Alton, Illinois’ Mayor Tom Hoechst pointed out the benefits his town is accruing from its inclusive community approach to the Mississippi River. America’s Waterway is the same kind of community collaboration — only on-line and on behalf of the whole River.
“Coupled with Argosy, the marina’s success, Riverfront Park Improvements, the Ampitheater, the meeting of the Great River National Scenic Byway, and the new National Great Rivers Field Station, Alton is becoming a unique nautical communitywith strong ties to the iconic Mississippi River. Lewis and Clark Community College’s commitment to developing green job training opportunities, particularly the effort to train water treatment plant operators for certification and Ilinois-American Water Co’s investment in Alton at the national call center and the state-of-the-art waterplant are helping to establish ourselves [Alton] as a major water-based employment center.
“Water is truly the most valuable resource in the world. We have been given a natural asset and must cherish it from an ecological and economical standpoint.”
This all sounded familiar. It’s being repeated in River towns up and down the Mississippi River. While others may not have as much collaboration or success to date, together they make a case for America’s Waterway, the organization seeking to build an interactive constituency for the whole Missisippi River so that unified approaches to its character, condition and future can develop. Here’s how I put it in a follow-up op-ed to the Alton Telegraph.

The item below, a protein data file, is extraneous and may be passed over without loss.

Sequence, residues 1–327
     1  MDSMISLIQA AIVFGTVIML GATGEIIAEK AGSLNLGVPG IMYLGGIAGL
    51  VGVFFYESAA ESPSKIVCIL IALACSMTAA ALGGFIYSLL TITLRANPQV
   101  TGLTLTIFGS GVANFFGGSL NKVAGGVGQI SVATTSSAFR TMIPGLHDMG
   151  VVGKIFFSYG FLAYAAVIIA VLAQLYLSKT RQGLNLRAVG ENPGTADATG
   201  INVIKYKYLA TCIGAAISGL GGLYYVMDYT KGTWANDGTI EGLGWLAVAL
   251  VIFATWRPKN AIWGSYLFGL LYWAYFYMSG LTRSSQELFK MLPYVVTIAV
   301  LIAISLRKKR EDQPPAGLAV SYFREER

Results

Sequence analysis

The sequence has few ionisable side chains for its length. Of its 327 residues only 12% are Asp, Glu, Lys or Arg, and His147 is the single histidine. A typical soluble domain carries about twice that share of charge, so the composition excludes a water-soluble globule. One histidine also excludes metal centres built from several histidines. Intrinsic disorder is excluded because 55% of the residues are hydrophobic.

“We applaud the work Alton and its Mississippi River neighbors have accomplished, and we encourage them to continue and celebrate what they’ve started. We hope you will share your experience with others so that River residents can learn and expand their opportunities and their relationship to the Mississippi River. Perhaps most importantly, efforts like Alton’s and ours are part of a growing public interest in rivers that offers the prospect of seeing the Mississippi River acknowledged and appreciated for what it really is, America’s Waterway.”
In September 2008, I wrote about the gradual decline in America’s appreciation for its natural resources. That process is beginning to reverse itself. But as is the case with many of our natural resources, we don’t have time to wait for the public to pick up on the need to protect and preserve them. In the northern regions of the Mississippi River, we are used to having to jump start cars. America’s Waterway and our planned National Dialogue for the Future of America’s Waterway can be the “jump start” for the iconization of the Mississippi River. If you agree and would like to know more, please contact us or leave a comment.